Last week, we sent our last homework to our Life Skills students. Our academic year draws to a close and it is now time to reflect on this unprecedented situation and prepare for the future. Covid-19 has even stolen the bittersweet last day of our courses. However, not all was doom and gloom under isolation and lockdown. We, teachers of Adults with Learning Disabilities, embraced the challenges created by the lockdown. Learning was not on hold!
Hannah Boyd - Art Teacher
Hannah Boyd- art teacher- used her creativity to film short homework videos with her mobile phone. Each week, she invited her students to produce work such as drawing a dinosaur from a 3D scan, using nature as inspiration, or preparing a dish in response to plant identification. The video was followed up by a phone call to provide further guidance and encouragement.
Hannah considered that it was the most appropriate medium which closely represents what is happening in her classroom. She enjoyed making the recordings, rapidly caught up with the technology and, learnt new skills. She recognised that it has given her a new perspective on how mobile phone technology can be used to engage, inspire and, enriched students' learning experience.
Hannah would like to further develop asynchronous and synchronous video communication for her courses. She also asked me to film a short cooking demonstration which she included in one of her homework videos. Hannah values providing students with different perspectives-reinforcing that learning is a collaborative enterprise.
It was a first for me and I thoroughly enjoyed the experience even though I found filming stressful, but now I cannot wait to create educational videos to include in my courses.
Watch Hannah's videos below:
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Another positive effect of the lockdown for all the Life Skills teachers was a better communication with parents/carers. These weekly contacts have created a tremendous momentum which we are going to keep for the benefit of all. The parents/carers gained a greater understanding and appreciation of the work involved in their son's and daughter's course and we gathered specific insight into the students' behaviour for learning at home. Working with parents/carers more efficiently is going to have a lasting beneficial effect on our students' future progress and achievement.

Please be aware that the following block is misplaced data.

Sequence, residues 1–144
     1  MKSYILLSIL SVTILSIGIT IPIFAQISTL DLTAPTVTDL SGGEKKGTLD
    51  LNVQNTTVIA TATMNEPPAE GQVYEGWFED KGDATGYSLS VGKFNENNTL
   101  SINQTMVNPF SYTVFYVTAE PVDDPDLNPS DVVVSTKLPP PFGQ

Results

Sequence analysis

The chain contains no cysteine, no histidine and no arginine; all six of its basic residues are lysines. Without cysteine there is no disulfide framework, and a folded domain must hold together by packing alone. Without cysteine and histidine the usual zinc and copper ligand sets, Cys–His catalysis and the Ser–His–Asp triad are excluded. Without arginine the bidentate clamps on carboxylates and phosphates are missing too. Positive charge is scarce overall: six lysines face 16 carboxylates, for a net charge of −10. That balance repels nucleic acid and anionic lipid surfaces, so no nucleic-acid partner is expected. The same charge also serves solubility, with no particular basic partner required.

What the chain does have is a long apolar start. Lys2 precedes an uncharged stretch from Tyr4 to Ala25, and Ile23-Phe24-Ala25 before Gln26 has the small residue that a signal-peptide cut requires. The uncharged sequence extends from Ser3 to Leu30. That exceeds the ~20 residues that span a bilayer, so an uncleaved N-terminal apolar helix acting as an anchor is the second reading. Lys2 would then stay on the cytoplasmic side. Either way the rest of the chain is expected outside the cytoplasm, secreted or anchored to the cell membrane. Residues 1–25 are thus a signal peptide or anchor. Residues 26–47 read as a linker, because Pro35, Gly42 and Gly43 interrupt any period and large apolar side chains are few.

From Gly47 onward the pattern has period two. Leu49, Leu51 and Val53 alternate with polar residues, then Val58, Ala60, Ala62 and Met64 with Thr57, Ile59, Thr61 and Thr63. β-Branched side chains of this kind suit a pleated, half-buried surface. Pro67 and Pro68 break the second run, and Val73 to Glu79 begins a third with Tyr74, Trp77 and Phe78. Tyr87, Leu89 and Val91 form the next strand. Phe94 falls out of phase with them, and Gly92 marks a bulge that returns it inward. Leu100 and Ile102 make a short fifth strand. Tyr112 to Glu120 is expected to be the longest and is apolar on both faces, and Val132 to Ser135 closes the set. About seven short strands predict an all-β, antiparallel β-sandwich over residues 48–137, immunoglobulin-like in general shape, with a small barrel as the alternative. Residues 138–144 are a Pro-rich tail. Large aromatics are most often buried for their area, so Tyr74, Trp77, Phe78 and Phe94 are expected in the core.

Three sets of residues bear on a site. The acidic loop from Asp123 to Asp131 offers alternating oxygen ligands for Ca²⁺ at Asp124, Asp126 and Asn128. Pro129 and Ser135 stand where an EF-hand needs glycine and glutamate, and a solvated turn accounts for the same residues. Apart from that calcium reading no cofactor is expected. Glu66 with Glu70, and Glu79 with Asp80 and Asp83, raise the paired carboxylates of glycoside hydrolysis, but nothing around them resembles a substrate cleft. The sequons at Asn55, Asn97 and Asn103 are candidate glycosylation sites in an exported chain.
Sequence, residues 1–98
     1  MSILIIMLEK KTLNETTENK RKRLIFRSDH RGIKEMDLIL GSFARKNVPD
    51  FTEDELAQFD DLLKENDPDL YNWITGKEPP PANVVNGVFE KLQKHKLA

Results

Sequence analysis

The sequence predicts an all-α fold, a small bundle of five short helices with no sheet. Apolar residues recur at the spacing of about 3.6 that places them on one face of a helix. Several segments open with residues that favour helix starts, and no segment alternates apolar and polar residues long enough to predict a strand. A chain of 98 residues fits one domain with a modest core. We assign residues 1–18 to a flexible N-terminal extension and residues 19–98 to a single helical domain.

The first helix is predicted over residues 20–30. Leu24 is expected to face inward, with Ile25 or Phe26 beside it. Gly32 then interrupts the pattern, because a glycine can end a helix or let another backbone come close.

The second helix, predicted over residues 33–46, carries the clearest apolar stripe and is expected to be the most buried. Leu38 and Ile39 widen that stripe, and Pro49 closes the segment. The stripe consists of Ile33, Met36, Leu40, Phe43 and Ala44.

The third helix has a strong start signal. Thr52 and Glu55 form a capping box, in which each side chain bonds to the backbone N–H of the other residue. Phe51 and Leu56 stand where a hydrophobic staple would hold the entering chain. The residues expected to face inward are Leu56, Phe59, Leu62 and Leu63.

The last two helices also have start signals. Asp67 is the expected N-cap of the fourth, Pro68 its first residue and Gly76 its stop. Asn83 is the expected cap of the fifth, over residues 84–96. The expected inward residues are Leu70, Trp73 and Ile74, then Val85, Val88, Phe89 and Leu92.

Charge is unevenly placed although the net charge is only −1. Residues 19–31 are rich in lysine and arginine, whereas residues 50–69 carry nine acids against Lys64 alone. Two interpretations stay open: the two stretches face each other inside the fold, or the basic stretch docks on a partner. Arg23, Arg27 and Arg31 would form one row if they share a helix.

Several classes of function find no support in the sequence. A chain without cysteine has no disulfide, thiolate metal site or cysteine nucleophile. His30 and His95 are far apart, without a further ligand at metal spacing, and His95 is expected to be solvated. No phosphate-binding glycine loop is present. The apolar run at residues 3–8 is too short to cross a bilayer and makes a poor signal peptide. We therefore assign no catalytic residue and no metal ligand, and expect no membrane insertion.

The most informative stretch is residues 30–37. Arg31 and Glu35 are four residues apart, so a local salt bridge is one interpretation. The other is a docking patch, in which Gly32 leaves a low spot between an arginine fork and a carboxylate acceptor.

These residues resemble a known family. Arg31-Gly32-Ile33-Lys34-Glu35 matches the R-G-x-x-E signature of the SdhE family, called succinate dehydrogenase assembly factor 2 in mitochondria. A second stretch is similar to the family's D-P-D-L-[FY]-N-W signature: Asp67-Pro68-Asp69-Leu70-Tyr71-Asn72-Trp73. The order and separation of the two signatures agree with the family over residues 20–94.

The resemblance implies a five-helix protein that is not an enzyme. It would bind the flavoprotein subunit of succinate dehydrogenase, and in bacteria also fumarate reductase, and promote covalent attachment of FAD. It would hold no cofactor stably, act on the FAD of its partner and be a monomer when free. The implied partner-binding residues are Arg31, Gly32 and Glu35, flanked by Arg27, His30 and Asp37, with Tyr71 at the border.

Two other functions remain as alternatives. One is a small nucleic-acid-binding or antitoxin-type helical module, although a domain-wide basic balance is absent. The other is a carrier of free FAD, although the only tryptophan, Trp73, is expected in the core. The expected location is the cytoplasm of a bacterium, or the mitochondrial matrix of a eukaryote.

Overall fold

Michelle Bishton - Creative teacher
Michelle Bishton-creative teacher- highlighted that one of the true highs of the lockdown was to know her students even better than she did before. It allowed her to tailor and better set tasks to meet their unique interests. It acted as a powerful motivational tool that energised learning so necessary at this difficult time.
Elaine Vollans – creative and cookery teacher
Elaine Vollans – creative and cookery teacher- emphasised how our students and their family/carers felt supported by Adult Education and how the students have looked forward to receiving their weekly homework. Remote learning has emphasised the importance of the teacher-student relationship. We may have been alone in our homes, but we have maintained contact and we worked together.
We all agreed that remote teaching will have a positive impact on our skills once we will be back in our classrooms.
Whilst in lockdown Life Skills cookery students have received work to do at home either by post or email. Each week they have been sent a recipe and worksheets, I always send recipes that can be changed or altered depending on what ingredients students have available to them. I'm not Jamie Oliver but have been influenced by his Keep cooking and carry on cooking series. This terms theme is Blue Planet which fits in well with saving resources and not wasting food.
Most students have been able to continue practising their cooking skills with the help and encouragement from their parents, guardians and carers. They are trying to eat healthily and continue exercising. I would like to thank everyone for their continuing support for the students.
It is undeniable that the lockdown created mixed emotions, but this experience has prepared us to respond to uncertain situations in flexible, innovative, and creative ways.
We will be ready for the next step and our next challenges. We will welcome back and support our students in a safe environment, reinstalling classroom learning but also online learning. We will once again ensure that our students receive the best possible learning opportunities.
We were not alone to embrace the challenges created by the Covid-19 pandemic. I would like to finish by quoting our Head of Service, Joanne Keatley, which epitomises the resilience of our organisation during the lockdown."Adult Education has moved mountains, taken risks, innovated and the legacy of lockdown will be a more digitally responsive service. Very proud of Adult Education".